Posted on October 26, 2020

Not So Nice

Ray Domanico, City Journal, October 20, 2020

Chana Joffe-Walt’s five-part New York Times podcast Nice White Parents argues: “If you want to understand why our schools aren’t better, that’s where you have to look. You have to look at white parents.” By “nice” white parents, she doesn’t mean all white parents. The narrative focuses on well-to-do progressives, those who espouse all the proper liberal ideals but fail to commit their own children to schools reflecting those values. Save for a brief description of “white moms in Queens” organizing an anti-busing protest in 1964, the podcast has little to say about working-class parents. Joffe-Walt explains that, while the Queens moms played a role in killing integration efforts, “there was another group of white parents who played a quieter, but I’d argue more forceful, role in killing integration—the white parents who said they supported it.”


To make the case that whites profess support for integration while acting in ways that defeat efforts in that direction, Joffe-Walt takes us back to the early 1960s, when the white community influenced the physical siting of this school (now the Boerum Hill School for International Studies). The original plan was to locate the school adjacent to a NYCHA housing project a few blocks from the eventual site on Baltic Street, made available by the 1963 relocation of St. Francis College to Brooklyn Heights. White residents of the area wrote letters to the Board of Education arguing that the site would be perfect for a new school, as it would allow for racial integration—black and Puerto Rican NYCHA families could send their children there. But when the new building on Baltic Street opened in 1968, none of the letter-writers’ children was enrolled. {snip}

A lot happened in those years, and the podcast ignores much of it in support of its narrative of white insincerity. In the early 1960s, teachers were enrolled in various weak unions; by 1968, the United Federation of Teachers had consolidated teachers into a single, powerful union. In 1964, black leaders organized a one-day student strike to protest the lack of progress toward integration in city schools. More than 400,000 students stayed out of class and peacefully demonstrated. In response, Queens moms staged a smaller counterprotest. When the Board of Education backed off its modest integration plans, the focus of black advocacy shifted from integration to local or “community control” of schools. Tensions rose as two major movements—teacher unionization and advocacy for community control—traveled on a collision course, leading to a multiweek teacher strike in the fall of 1968. Thus, between 1963 and 1968, racial tensions around school integration dramatically intensified in the city, which partially explains why few whites showed up when the Cobble Hill school opened.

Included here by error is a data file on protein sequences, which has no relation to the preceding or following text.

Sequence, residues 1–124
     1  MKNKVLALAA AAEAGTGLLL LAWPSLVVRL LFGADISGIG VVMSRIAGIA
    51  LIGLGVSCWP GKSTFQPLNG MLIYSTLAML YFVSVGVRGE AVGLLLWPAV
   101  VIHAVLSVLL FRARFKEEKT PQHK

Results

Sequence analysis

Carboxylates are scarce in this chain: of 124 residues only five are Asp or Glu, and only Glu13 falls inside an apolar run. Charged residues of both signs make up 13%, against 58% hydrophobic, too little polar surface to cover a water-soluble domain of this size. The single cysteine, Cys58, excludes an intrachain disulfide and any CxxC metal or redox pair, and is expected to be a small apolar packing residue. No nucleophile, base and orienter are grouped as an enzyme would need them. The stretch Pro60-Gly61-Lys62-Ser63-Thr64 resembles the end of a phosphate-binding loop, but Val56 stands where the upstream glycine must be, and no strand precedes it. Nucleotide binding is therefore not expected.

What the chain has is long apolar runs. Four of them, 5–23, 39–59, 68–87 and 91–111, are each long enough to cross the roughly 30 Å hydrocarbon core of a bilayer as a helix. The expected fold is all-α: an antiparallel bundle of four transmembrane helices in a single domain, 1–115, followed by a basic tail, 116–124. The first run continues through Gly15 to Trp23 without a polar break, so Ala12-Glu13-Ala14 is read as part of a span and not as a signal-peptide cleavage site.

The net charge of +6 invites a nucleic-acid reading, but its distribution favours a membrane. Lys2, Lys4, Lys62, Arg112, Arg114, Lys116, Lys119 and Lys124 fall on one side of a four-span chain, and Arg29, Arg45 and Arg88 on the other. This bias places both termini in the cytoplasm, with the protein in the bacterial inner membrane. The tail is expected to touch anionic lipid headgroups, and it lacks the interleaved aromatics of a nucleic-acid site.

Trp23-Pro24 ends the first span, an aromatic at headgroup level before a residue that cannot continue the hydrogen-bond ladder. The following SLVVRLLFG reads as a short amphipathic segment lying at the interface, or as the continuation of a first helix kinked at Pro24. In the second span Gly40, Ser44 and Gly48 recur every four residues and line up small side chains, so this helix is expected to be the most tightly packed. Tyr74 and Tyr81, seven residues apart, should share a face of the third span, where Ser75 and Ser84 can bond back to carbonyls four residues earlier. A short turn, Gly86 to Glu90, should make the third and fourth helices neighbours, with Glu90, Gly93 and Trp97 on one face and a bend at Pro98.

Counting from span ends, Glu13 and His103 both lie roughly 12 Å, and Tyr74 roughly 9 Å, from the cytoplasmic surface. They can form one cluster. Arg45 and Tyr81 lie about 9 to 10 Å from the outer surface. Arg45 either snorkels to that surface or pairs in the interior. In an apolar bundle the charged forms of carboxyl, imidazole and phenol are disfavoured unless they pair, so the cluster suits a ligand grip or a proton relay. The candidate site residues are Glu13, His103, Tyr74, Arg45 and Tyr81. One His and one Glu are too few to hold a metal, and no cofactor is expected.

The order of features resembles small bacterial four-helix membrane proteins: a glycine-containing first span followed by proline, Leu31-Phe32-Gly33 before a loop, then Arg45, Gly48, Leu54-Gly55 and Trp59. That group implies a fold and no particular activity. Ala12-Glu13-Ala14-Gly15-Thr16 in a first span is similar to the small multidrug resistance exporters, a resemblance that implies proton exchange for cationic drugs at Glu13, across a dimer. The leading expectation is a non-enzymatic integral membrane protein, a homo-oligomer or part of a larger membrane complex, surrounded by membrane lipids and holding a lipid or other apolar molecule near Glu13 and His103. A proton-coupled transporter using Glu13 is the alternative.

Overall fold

In the end, the argument that white parents were the problem in public schools doesn’t hold up. Today, three schools occupy the school building on Baltic Street: Success Academy–Cobble Hill, a charter elementary school; The Digital Arts and Cinema Technology High School; and the Boerum Hill School for International Studies, the now-renamed middle school. In 2019, 32 percent of the students in the building were black, 27 percent Hispanic, 29 percent white, 6 percent Asian, and 6 percent “other.” Composed almost of equal populations of blacks, Hispanics, and whites, the building’s combined student population looks much like the ideal embraced by progressives in the 1960s. {snip}

Despite this diverse school population, Joffe-Walt is not happy with the two most integrated schools. While allowing that Success Academy has done something that she has seen no other school do—“limiting the power of white parents” and making them abide by the same rules as everyone else—she cannot abide the fact that Success Academy treats all students the same, when, in her view, children are different and require different approaches. {snip}


Joffe-Walt ignores the problems with seeking a citywide directive on school integration. Parents have options. Fifty-two percent of white students are already enrolled in private or religious schools. The city’s demographics are changing. Between 2001 and 2019, black enrollment in public, charter, and private schools combined declined by 131,000, or 31 percent. Almost 30 percent of black students in the city are enrolled in charter, private, or religious schools. Meantime, white enrollment across all sectors remained flat and dropped by only 10,000 in the traditional public schools.

Outside of a handful of school districts—the Upper West Side, the East Side, Lower East Side, and Park Slope/Carrol Gardens/Cobble Hill—school choice and school admission policies are not the driving force in school diversity. In the rest of the city, children of all races typically attend the neighborhood school. Nice White Parents does not consider these neighborhoods and the formidable challenges of moving students long distances to meet diversity goals. A more direct approach to school integration might make some nice white parents feel good about themselves, while driving others out of the system. Nonwhite families still need what they have been asking for since the early 1960s—safe schools with good teachers, close to home.